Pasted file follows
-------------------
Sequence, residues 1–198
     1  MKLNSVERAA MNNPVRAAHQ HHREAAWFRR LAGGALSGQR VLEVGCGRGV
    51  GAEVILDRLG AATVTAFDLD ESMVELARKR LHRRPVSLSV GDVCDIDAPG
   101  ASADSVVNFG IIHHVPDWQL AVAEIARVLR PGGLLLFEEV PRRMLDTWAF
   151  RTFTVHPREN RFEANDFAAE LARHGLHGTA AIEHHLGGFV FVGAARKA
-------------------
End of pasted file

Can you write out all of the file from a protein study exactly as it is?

Sequence, residues 1–198
     1  MKLNSVERAA MNNPVRAAHQ HHREAAWFRR LAGGALSGQR VLEVGCGRGV
    51  GAEVILDRLG AATVTAFDLD ESMVELARKR LHRRPVSLSV GDVCDIDAPG
   101  ASADSVVNFG IIHHVPDWQL AVAEIARVLR PGGLLLFEEV PRRMLDTWAF
   151  RTFTVHPREN RFEANDFAAE LARHGLHGTA AIEHHLGGFV FVGAARKA